Archived Arts & Entertainment

This must be the place: Last call at the Brar Patch

This must be the place: Last call at the Brar Patch

“Blue-collar heaven.”

When asked just what the Brar Patch is, Trey Smith was quick with that response. Huddled under a flickering light of the tiny bar, Smith gets head nods of agreement from several folks nearby. Standing next to him was Marty Owens.

“I’d say it’s like an English pub, a place folks go where they know everybody, have a cold beer, and where the old-timers are respected,” Owens said. “It really is a loss for Haywood County.”

Situated at the intersection of Brown Avenue and South Main Street in West Waynesville, the Brar Patch isn’t visible from the road. Sure, Jim’s Drive-In sits at that location, but just where is this secret watering hole? People that have lived in town most of their lives didn’t even know it existed (the unassuming side door at Jim’s is the entrance) until they found out the entire structure would be doing last call for the last time on Nov. 22. 

“To me, this is the last redneck old-fashioned bar in all of Western North Carolina,” said bartender Diane Volden. “I love it, and I love the people — they’re mine.”

When I moved to Waynesville from Upstate New York in August 2012, I was (and still am) in search of real-deal characters, those iconic and irreplaceable faces and places that make Western North Carolina and greater Southern Appalachia so magical and mysterious. And when I asked a friend (a Haywood native) just where these critters could be found, she simply said, “Well, darling, you need to go to the Brar Patch.”

Related Items

So, skipping out of the newsroom during my lunch break, I drove to Jim’s. I wandered around the building a couple times before I noticed a small tarnished sign hanging over the side door. It read: “Brar Patch.” Stepping into the closet-sized space, there were enough seats for a half-dozen folks, maybe enough standing room for another dozen. But, on this day, only a few seats were taken as I bellied up and order a Budweiser (your choices are Bud, Bud Light and Michelob Ultra). And I’ll be damned if it wasn’t the coldest bottle of suds that ever touched my lips as some Webb Pierce or Kitty Wells melody came to mind.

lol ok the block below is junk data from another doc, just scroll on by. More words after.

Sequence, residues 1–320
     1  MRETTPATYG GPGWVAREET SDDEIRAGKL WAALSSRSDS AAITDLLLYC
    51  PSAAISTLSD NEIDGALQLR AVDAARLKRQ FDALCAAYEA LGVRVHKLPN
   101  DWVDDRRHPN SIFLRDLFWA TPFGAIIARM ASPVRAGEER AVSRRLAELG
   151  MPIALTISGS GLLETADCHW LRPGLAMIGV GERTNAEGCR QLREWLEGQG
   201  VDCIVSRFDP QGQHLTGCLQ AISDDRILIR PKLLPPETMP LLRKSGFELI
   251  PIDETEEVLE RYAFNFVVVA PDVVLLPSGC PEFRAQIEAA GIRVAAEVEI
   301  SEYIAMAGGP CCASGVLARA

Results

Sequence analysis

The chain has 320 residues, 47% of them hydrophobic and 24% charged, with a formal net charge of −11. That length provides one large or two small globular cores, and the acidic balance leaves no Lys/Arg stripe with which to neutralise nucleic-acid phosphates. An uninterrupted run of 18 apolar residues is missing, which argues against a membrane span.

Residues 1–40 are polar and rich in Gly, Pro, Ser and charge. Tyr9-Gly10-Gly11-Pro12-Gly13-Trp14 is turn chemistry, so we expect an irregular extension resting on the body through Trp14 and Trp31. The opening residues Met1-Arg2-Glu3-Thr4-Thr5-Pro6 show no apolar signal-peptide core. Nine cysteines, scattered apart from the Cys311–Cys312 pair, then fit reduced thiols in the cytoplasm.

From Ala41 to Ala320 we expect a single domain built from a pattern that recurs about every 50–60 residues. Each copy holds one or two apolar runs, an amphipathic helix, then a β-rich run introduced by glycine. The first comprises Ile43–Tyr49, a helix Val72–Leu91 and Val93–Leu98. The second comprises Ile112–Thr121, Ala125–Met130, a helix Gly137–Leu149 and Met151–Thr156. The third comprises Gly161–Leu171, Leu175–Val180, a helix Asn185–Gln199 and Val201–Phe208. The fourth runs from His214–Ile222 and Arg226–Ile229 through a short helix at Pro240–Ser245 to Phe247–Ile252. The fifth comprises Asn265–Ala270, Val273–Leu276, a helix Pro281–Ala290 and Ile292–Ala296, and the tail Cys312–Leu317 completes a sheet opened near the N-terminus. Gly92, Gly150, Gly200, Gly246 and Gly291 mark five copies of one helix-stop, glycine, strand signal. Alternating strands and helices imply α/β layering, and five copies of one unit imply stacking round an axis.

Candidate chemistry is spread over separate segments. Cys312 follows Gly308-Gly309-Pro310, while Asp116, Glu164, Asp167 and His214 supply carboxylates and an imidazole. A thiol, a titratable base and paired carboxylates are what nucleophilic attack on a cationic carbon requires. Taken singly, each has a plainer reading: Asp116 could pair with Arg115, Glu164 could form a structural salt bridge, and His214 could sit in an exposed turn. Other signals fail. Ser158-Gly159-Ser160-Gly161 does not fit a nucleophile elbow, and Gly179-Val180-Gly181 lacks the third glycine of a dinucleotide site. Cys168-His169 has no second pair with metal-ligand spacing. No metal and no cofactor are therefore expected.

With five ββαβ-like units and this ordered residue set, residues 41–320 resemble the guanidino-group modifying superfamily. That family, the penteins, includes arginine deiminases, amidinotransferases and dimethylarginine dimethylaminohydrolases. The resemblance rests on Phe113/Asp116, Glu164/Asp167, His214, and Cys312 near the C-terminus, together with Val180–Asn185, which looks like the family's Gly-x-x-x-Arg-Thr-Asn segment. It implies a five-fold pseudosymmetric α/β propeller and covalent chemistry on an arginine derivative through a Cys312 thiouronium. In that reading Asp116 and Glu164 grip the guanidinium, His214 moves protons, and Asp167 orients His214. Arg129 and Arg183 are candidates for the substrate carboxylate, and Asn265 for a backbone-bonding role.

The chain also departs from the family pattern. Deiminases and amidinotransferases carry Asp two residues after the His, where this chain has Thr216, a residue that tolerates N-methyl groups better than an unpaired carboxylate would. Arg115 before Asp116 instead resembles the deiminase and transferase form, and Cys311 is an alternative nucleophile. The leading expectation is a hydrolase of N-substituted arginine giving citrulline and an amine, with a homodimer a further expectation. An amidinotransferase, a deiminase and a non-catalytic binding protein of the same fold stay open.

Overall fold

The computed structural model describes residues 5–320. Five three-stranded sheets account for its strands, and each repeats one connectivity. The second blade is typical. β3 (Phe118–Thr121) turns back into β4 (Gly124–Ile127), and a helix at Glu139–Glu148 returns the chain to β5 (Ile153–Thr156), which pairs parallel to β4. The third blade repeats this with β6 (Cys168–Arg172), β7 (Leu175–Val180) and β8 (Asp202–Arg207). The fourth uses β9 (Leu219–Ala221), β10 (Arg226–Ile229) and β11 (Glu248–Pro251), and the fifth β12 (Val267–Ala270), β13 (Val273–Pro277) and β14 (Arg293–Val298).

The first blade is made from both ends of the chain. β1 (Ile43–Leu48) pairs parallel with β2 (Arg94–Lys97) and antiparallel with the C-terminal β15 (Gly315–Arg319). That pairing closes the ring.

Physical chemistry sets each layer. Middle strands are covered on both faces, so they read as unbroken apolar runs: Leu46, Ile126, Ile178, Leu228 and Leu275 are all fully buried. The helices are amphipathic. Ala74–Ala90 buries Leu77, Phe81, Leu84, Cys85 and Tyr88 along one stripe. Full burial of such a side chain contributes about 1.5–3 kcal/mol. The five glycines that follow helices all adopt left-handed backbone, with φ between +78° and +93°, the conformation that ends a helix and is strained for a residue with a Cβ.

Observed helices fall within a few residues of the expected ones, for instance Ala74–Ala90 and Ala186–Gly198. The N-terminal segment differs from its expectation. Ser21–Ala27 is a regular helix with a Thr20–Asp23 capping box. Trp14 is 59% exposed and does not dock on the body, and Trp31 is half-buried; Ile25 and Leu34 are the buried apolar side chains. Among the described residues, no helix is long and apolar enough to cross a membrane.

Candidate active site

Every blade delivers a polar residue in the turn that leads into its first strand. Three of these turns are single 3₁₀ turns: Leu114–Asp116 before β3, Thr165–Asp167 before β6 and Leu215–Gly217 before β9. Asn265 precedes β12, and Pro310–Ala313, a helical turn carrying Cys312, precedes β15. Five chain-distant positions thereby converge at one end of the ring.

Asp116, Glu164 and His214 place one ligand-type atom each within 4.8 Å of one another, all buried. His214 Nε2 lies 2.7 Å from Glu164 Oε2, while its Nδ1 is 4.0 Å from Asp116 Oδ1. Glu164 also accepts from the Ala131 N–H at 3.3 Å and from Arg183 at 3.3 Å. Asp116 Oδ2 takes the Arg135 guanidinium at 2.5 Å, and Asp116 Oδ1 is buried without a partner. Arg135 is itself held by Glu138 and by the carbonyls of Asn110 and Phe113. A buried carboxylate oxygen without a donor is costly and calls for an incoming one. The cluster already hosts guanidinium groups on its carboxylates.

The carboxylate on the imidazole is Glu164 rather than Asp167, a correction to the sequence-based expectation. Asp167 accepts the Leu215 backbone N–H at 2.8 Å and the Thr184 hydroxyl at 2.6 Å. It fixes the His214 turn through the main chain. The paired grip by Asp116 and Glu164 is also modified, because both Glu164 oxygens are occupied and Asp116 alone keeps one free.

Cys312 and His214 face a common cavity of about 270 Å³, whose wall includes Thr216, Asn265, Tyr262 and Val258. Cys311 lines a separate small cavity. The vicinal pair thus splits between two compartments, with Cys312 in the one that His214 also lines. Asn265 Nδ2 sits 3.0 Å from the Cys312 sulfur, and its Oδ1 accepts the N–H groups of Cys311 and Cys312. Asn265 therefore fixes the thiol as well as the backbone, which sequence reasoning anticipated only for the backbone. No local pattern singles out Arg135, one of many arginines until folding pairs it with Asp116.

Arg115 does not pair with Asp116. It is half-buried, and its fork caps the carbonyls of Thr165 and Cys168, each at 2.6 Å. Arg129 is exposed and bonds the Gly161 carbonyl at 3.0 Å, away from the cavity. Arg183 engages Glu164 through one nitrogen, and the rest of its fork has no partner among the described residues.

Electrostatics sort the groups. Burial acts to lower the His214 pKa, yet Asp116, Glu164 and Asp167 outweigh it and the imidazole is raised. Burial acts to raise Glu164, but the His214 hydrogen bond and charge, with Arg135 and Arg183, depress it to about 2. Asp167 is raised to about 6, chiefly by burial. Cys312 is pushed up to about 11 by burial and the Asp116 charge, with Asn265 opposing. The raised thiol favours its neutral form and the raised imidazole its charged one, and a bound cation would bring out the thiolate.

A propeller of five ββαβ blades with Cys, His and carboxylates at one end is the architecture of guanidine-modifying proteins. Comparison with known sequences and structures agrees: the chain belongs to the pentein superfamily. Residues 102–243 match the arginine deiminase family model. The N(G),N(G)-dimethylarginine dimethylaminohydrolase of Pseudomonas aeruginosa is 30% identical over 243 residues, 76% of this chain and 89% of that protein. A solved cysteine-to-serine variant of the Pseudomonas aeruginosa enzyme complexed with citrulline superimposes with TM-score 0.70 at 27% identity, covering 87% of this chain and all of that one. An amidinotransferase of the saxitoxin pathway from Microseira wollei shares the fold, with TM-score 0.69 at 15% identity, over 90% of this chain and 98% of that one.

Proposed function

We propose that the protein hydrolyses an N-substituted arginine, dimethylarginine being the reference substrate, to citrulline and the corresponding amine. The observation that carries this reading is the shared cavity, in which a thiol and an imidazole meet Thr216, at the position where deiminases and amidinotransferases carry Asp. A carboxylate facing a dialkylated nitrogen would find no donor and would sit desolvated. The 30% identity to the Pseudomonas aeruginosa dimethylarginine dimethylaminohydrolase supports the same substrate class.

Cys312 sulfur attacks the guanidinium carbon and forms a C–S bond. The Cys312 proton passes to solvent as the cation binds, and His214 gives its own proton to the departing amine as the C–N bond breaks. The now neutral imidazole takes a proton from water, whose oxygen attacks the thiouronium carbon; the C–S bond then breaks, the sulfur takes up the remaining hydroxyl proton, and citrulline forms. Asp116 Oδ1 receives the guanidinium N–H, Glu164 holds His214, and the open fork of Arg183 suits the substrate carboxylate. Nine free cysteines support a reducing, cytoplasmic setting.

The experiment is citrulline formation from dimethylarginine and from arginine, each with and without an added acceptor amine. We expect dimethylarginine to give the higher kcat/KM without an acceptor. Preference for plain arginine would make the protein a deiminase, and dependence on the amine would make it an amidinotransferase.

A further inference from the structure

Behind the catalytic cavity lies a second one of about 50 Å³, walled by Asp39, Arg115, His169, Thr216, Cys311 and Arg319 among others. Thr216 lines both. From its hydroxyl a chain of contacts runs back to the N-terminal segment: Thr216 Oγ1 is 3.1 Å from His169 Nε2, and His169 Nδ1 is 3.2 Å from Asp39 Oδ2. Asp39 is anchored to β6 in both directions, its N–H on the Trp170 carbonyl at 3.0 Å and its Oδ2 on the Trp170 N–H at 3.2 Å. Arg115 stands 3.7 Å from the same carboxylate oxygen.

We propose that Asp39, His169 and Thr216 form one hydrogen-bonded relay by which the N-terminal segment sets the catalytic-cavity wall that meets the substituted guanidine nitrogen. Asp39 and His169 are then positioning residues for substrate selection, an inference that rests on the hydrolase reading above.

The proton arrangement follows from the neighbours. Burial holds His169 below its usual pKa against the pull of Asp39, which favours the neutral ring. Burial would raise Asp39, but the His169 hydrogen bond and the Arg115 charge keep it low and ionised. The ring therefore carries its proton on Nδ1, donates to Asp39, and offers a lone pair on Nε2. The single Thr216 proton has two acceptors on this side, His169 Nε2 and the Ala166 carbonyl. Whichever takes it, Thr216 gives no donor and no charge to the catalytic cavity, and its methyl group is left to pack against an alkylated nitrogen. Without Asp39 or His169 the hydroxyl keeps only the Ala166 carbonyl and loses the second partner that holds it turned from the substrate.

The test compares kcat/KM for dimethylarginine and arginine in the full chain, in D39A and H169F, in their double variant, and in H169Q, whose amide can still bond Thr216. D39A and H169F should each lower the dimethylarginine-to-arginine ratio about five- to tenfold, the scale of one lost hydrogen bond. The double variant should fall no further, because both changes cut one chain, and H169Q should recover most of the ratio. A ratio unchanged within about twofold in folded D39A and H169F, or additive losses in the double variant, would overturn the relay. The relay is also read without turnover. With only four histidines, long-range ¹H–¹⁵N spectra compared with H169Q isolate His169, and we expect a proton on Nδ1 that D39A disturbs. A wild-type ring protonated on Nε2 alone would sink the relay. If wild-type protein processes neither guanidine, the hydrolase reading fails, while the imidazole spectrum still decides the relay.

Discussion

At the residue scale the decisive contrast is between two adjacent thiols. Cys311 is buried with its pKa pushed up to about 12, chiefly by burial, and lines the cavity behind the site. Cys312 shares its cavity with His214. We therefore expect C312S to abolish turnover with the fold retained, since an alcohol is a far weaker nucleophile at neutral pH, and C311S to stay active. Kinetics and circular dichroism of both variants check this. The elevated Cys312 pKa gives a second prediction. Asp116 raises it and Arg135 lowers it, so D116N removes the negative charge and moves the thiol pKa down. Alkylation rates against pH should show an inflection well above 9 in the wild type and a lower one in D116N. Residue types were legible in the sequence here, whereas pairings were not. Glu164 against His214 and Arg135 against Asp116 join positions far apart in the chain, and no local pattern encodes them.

Immediately, those sitting at the counter questioned my entrance. This wasn’t a place strangers just wandered into. But, what seemed to be an interrogation turned out to be a right-of-passage as 21 questions and a slight harassment for being a Yankee that led to four new friendships (including the bartender) by the time I finished my second beer and headed back to the office before anyone noticed I was gone.

And for the better part of the last five years, I’d bring friends (and even my parents) to the Brar Patch, all of which were automatically accepted when they rolled in, a big “Hey Garret, where in the heck have yah been?” echoing from someone tucked away in the corner. 

Opened in 1939, the bar is quite possibly the oldest establishment of its kind left in Western North Carolina. Once the main spot for social interaction for a handful of now defunct factories close by (including Dayco), the Brar Patch is where the old-timers, long-time farmers, construction workers and the good ole boys would gather to banter on about, well, the good ole days. It’s a place where all of the world’s problems would seemingly be solved by the time last call rolled around at 6:30 p.m. or so.